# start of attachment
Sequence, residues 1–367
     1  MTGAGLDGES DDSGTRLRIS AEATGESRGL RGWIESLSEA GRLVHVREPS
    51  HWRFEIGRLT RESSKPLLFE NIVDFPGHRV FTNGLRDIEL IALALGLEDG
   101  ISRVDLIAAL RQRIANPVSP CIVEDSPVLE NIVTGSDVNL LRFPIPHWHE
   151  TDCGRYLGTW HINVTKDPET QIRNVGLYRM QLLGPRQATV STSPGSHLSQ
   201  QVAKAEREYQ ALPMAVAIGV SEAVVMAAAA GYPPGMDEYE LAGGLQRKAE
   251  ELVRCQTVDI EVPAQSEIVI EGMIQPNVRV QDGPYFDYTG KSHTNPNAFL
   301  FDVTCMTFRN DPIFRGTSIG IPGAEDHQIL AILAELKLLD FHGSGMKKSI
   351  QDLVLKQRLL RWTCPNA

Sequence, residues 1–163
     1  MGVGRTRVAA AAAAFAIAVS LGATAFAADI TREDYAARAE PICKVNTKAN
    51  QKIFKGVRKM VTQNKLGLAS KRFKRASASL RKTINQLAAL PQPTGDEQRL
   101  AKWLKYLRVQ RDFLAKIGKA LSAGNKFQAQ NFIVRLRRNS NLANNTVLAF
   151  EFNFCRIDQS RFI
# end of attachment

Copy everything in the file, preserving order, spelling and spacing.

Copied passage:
Sequence, residues 1–367
     1  MTGAGLDGES DDSGTRLRIS AEATGESRGL RGWIESLSEA GRLVHVREPS
    51  HWRFEIGRLT RESSKPLLFE NIVDFPGHRV FTNGLRDIEL IALALGLEDG
   101  ISRVDLIAAL RQRIANPVSP CIVEDSPVLE NIVTGSDVNL LRFPIPHWHE
   151  TDCGRYLGTW HINVTKDPET QIRNVGLYRM QLLGPRQATV STSPGSHLSQ
   201  QVAKAEREYQ ALPMAVAIGV SEAVVMAAAA GYPPGMDEYE LAGGLQRKAE
   251  ELVRCQTVDI EVPAQSEIVI EGMIQPNVRV QDGPYFDYTG KSHTNPNAFL
   301  FDVTCMTFRN DPIFRGTSIG IPGAEDHQIL AILAELKLLD FHGSGMKKSI
   351  QDLVLKQRLL RWTCPNA

Sequence, residues 1–163
     1  MGVGRTRVAA AAAAFAIAVS LGATAFAADI TREDYAARAE PICKVNTKAN
    51  QKIFKGVRKM VTQNKLGLAS KRFKRASASL RKTINQLAAL PQPTGDEQRL
   101  AKWLKYLRVQ RDFLAKIGKA LSAGNKFQAQ NFIVRLRRNS NLANNTVLAF
   151  EFNFCRIDQS RFI